YA for Election Day
You may have heard that there’s an election happening. Again. And while this year’s election doesn’t necessarily have the same coverage as it would if it were a presidential election, it’s still just as important. (Every election is important! Don’t let anyone tell you otherwise.) There are still representatives and senators to elect as well as issues to decide on.
Even if you’re not quite old enough to vote, it’s never too early to start getting informed on the issues. (Make sure you fully research everything and get all sides of the issues!) In fact, voting is so important that YA authors are starting to write about politics! Take a look at these political reads just for teens.
Marva has been counting down the days till she could cast her first ballot. Duke just wants to get it over with. But when Marva overhears Duke being turned away from the polls, she makes it her mission to get him to the right polling location. Just like that, election day turns into something that neither of them anticipated. From sharing the reasons for their passion or indifference to sharing secrets they haven’t told anyone, from finding Marva’s lost Instagram-famous cat to finding questionable practices to keep people from voting, Marva and Duke learn just as much about themselves as they do each other.
It’s no secret that political differences can make for some strained family dynamics. But what do you do when the difference is with your dad? What do you do when your dad is also running for president? Mariana is about to find out exactly what she will do. As her father’s campaign puts their family in the spotlight, Mari realizes that not only do her beliefs not line up with her father’s but also that he’s not the man she thought he was. And now she has to disagree with him and come to terms with what she’s learned all while the media closely scrutinizes her family’s every move.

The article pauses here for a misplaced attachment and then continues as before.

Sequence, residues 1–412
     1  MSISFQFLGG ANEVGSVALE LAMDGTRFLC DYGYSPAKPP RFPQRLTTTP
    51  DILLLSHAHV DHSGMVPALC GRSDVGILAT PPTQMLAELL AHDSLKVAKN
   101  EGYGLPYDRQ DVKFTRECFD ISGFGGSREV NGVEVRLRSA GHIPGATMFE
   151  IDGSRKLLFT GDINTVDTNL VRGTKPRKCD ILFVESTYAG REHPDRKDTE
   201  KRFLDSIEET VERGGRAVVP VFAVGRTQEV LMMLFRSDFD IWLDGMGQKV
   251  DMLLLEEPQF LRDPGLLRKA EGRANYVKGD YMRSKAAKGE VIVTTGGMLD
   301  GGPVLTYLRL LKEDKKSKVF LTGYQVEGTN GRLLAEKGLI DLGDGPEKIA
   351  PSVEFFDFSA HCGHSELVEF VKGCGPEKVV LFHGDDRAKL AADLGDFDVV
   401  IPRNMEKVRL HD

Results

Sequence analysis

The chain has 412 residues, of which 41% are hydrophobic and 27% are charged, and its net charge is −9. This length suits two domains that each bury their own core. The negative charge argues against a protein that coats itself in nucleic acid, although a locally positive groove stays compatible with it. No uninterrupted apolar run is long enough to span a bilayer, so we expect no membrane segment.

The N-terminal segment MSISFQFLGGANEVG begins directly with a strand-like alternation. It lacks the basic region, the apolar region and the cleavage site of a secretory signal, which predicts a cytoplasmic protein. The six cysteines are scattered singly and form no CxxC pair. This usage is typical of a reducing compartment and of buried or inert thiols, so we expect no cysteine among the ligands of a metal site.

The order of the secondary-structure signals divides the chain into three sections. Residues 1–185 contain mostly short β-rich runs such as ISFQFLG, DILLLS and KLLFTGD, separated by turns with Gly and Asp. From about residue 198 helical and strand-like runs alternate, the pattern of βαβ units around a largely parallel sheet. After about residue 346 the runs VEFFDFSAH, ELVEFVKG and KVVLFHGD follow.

Mark has a lot going on at home, not the least of which is his dad still treating Mark like a girl. Or that his dad is a congressman. Or that Mark has agreed to pretend to be cis guy for his dad’s (career’s) sake. And when a candidate for student body president starts using dangerous language, Mark decides to throw his name in the ring…which is not laying low like he promised his dad he’d do. There’s also the problem of Mark’s friends not being very popular, even if they do know how to campaign effectively. But Mark will have to decide how much of himself to share with his school…and the country.
Like I said, it’s never too early to start getting informed about voting and elections. Besides, the candidates and issues being voted on now will affect you, so why not stay informed? You may have your own chance to make your voice heard on them.
Happy reading (and voting)!